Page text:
That’s how Kim and I came to be on Maui very recently, and visit the Maui Brewing restaurant and pub.
I really wanted to love Maui Brewing. I wanted to title this piece something like “Heavenly Beers in Paradise”. I mean, how could you be on Maui and not be incredibly positive about everything? Continue reading “Maui Brewing”
Part of the beauty that lies in beer is the discovery. There are a plethora of styles, a barrage of nuances,and a myriad of contexts in which to discover the king of beverages. When the would-be beer drinker starts the quest of exploring a fresh world of beer, it seems as though the sky is the limit. Bottles are purchased, locations are scouted, rumors of rare bottles become fictive hopes…
And then it happens.
One day, the beer drinker becomes aware that the thrill for discovery is a little less thrilling. Searching for the rare bottle takes a back seat. The 100 tap handles do not seem as awe inspiring. As Scott from Manland once told me, the kid in the candy store feeling is not there any more.
Written by Andy Ingram for The Republic and azcentral.com
I’m not very technically savvy, so when things go a little haywire, like an iPhone or my son’s Xbox, it’s nice to push reset and start over.
It seems to me that this is happening with craft beer as well. And, although I like the experimental and the crazy, it’s nice to see some brewers hit the reset button and get back to what started this whole beer revolution: clean, lower-alcohol, session beer.
There’s been a little spat on the beer-geek blogs and websites about what exactly is a session beer. These folks tend to have an insatiable desire to label and categorize, to micromanage with specific alcohol ranges and distinct flavor profiles.
Written by Norman Millier for GateHouse News Service and Metrowestdailinews.com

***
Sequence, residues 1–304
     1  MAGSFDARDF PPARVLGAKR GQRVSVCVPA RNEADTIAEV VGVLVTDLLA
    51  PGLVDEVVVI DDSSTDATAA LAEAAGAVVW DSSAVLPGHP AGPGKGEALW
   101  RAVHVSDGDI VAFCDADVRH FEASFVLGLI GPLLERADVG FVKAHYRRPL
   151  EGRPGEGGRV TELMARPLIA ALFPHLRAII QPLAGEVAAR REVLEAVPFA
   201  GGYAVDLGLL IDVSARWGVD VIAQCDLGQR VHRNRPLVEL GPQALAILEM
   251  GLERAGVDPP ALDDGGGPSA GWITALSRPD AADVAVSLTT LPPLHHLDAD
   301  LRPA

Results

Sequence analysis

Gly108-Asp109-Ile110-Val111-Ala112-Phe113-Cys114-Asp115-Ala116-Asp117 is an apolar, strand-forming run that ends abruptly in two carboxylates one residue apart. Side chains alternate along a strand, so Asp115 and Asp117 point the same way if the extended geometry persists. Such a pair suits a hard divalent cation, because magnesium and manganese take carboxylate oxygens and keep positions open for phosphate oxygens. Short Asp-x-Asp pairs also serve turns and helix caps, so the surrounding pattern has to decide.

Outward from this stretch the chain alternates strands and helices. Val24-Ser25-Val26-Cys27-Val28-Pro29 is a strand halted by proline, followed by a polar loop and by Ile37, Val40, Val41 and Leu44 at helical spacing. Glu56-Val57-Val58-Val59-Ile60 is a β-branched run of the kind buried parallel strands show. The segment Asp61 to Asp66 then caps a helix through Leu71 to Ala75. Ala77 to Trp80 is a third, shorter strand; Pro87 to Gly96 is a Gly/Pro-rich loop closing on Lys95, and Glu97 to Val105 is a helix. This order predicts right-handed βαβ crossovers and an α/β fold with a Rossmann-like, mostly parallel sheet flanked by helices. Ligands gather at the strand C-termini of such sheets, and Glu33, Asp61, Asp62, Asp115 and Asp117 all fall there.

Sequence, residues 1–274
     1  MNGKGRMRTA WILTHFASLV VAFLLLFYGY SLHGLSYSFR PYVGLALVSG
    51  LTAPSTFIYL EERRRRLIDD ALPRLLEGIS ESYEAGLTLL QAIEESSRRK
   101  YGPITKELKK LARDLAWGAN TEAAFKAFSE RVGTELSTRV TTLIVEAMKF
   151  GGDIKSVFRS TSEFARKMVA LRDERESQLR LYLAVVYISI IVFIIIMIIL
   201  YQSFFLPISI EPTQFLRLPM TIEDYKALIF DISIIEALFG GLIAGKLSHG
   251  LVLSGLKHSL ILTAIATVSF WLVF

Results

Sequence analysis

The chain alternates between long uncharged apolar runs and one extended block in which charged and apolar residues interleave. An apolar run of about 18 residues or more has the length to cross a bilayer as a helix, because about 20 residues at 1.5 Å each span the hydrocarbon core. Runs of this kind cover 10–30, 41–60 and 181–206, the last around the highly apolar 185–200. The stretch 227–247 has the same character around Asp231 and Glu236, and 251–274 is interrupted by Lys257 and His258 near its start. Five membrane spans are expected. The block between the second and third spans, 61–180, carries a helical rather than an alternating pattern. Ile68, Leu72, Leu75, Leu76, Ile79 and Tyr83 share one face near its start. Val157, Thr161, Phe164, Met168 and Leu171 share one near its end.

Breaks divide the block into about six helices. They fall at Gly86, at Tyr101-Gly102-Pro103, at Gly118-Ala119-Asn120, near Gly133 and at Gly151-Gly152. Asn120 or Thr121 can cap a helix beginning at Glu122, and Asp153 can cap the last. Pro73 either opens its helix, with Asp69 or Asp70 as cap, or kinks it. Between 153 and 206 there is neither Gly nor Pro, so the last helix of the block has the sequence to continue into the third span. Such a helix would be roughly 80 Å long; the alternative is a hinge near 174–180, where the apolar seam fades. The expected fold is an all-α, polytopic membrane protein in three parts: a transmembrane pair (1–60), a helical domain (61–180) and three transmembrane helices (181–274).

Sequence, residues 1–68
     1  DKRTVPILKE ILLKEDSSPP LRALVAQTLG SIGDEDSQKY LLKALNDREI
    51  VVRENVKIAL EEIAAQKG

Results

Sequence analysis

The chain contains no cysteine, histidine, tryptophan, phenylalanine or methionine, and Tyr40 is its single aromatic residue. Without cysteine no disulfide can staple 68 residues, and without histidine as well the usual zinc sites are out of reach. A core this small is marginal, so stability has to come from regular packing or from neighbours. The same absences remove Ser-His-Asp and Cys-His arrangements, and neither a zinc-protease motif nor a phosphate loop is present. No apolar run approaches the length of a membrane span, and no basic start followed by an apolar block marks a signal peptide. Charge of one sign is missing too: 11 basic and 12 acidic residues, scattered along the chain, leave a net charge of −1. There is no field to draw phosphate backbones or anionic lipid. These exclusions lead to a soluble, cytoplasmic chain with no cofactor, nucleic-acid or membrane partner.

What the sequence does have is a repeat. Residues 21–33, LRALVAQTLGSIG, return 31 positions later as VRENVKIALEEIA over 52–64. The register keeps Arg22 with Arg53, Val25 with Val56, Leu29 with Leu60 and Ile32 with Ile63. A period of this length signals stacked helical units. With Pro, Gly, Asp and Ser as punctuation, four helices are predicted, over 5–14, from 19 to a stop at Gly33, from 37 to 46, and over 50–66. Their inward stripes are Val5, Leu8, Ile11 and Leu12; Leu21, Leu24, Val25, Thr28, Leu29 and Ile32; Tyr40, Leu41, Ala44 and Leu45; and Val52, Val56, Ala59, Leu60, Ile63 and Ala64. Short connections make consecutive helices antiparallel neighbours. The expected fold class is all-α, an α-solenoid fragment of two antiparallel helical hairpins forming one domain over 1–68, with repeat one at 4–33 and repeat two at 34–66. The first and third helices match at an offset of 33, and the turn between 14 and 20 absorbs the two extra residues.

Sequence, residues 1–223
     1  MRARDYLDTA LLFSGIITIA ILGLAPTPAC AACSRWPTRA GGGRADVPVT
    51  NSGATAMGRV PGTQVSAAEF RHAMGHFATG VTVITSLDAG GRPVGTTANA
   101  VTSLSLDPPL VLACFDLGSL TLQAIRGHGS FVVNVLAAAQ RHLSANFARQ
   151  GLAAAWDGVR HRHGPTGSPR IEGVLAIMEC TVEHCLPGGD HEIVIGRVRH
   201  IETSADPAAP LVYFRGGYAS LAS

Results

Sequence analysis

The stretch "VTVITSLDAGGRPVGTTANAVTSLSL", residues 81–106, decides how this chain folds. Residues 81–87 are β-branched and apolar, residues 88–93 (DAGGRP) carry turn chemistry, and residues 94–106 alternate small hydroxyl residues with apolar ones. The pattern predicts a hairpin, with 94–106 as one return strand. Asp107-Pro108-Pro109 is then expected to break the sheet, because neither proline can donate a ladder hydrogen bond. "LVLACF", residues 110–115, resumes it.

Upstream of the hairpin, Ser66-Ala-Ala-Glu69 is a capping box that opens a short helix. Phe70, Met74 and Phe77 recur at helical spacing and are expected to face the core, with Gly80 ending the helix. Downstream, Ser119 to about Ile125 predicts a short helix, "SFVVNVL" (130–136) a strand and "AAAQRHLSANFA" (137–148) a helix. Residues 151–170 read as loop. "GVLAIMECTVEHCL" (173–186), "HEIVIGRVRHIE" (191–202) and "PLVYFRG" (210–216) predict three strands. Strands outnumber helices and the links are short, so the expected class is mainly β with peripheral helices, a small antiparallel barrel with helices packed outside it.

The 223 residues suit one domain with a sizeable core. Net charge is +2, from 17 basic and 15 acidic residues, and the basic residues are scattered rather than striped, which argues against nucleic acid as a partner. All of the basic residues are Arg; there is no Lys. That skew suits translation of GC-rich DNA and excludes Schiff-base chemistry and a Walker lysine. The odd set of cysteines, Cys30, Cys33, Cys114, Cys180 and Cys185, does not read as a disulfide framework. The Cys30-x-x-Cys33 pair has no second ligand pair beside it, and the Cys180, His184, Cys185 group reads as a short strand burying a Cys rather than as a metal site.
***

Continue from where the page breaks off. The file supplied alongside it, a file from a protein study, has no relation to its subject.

A quarter century ago, Rich Doyle and Dan Kenary were friends who enjoyed going out and grabbing a beer or two.
The pair founded Boston’s Harpoon Brewery, and next month, the brewery will celebrate its 25th anniversary.
“It sounds like a long time, but it doesn’t necessarily feel that long,” Doyle said.
“It’s really incredible,” Kenary said. “This is one of those anniversaries that you really notice. I’m 50 now, and I was 25 when we started the brewery, so it’s been half of my life now.”
To celebrate the anniversary, Doyle and Kenary went into the brewhouse together and brewed a commemorative beer: Rich and Dan’s Rye IPA. The beer is part of Harpoon’s 100 Barrel Series, meaning only 3,100 gallons of it have been brewed.
Weather, commodity prices and greed are to blame for the cost of your brew going up
Written by Loren Berlin for DailyFinance and today.msnbc.msn.com
It’s strange to think that someone actually invented beer, that it hasn’t just always been there, like centrifugal force or oxygen. But it’s true: 6,000 years before Jesus even hit the scene, the Babylonians — people living in the area that is modern-day Iraq — began fermenting barley in the glittering heat of the Mesopotamian dessert, and making clay vessels in which to store the frothy brew and trade it with neighbors. Continue reading “The Economic Forces Behind Rising Cost of Beer”